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03 March 2020

MEDIA ALERT

Tuesday, 3 March, 2020

PCFA Consumer Advisory – Coronavirus and Cancer

Prostate Cancer Foundation of Australia has issued a consumer advisory on coronavirus and cancer for prostate cancer patients and survivors in order to help safeguard patients and the community against spread of the disease.

“Australians impacted by cancer are often at higher risk of infections, influenza, and viruses, and any infections are more likely to take hold at a greater speed,” said PCFA’s CEO, Professor Jeff Dunn AO.

“Having a personal infection prevention plan is essential.

“It’s imperative for people to follow five steps to minimise potential exposure and reduce their risks:

  1. Always wash your hands well with soap or alcohol-based handwashes, especially before and after being in contact with other people, before eating or touching your face, and whenever you touch high-contact objects, such as handrails.
  1. Be more careful about close contact with others and consider precautionary measures such as avoiding handshakes and kissing others on the cheek.
  1. Be more cautious at public events or large gatherings which could bring you into contact with people who may be carrying the virus.
  1. Ensure your workplace, extended family, and social networks are aware of your vulnerability to infection, and respectfully ask them to avoid contact or visits if they have any symptoms of potential illness, such as a high temperature, cough, sneezing, or headache, etc.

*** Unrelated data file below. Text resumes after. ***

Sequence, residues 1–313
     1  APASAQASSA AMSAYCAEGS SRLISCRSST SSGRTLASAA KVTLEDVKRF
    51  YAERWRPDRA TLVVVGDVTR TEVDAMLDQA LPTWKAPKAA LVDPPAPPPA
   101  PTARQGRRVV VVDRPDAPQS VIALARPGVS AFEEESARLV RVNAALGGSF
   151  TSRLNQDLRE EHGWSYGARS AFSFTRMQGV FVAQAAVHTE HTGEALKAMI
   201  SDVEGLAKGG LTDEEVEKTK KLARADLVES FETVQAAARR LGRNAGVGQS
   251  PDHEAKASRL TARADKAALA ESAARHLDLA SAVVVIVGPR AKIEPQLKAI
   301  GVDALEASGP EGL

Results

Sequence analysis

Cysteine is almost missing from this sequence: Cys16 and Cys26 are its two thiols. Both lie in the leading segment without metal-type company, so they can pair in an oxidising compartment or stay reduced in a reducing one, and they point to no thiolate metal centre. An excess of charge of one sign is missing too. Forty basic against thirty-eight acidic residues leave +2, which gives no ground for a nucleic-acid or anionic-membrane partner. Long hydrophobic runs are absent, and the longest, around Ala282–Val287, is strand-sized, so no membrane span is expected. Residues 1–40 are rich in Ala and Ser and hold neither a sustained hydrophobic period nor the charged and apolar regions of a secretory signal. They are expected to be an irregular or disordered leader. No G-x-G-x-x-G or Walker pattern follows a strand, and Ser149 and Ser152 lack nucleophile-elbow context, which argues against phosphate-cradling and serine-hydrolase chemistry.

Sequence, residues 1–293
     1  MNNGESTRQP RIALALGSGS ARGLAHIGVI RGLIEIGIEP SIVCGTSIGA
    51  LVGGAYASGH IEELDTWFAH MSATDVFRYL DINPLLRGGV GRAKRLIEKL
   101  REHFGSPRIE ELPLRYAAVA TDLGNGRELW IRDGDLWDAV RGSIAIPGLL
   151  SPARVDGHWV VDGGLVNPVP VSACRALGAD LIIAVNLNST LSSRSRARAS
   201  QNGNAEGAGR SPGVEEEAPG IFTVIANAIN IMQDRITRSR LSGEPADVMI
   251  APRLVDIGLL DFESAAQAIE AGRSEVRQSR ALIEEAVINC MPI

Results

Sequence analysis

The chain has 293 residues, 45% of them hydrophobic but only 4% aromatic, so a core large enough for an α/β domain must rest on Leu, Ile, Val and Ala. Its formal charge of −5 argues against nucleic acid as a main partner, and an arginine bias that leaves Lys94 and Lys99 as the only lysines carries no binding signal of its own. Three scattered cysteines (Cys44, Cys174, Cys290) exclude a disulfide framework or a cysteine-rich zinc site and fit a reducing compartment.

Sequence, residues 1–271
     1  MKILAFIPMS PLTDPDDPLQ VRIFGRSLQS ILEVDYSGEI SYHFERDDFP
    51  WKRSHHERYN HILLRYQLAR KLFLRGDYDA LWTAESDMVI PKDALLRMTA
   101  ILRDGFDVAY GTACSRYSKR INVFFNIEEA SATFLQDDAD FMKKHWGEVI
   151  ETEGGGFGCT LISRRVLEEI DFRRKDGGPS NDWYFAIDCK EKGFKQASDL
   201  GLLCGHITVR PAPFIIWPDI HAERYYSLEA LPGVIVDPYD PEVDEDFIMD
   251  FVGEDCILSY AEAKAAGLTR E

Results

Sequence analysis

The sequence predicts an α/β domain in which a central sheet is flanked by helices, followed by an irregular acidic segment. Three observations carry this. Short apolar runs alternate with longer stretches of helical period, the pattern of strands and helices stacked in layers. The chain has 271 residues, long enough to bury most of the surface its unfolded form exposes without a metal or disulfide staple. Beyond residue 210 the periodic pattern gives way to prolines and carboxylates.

1. Avoid contact with people who have been in countries or areas where the virus is in circulation.

“Cancer patients who develop signs of infection should contact their treatment team immediately or phone to seek the advice of their GP or health authority,” he said.

“Call in advance to request medical advice and urgent treatment if you experience signs of fever, chills, sinus pain, headache, shortness of breath, or any other suspicious symptoms.

“If you experience a medical event or notice new symptoms associated with your diagnosis, contact your treatment team or call ahead and go to your GP, taking care to minimise exposure to others, particularly those who may be presenting to hospital with symptoms.

“If you are undergoing outpatient treatment for cancer and face an immediate emergency you should try to call your Emergency Department before arrival, to ensure a quarantined treatment protocol and minimise your exposure to other patients.”

To download a copy of PCFA’s Consumer Advisory, click here.

If you have questions about prostate cancer and what to do in relation to Coronavirus and other infectious illnesses, please call PCFA on 1800 22 00 99, email enquiries@pcfa.org.au or go to www.pcfa.org.au.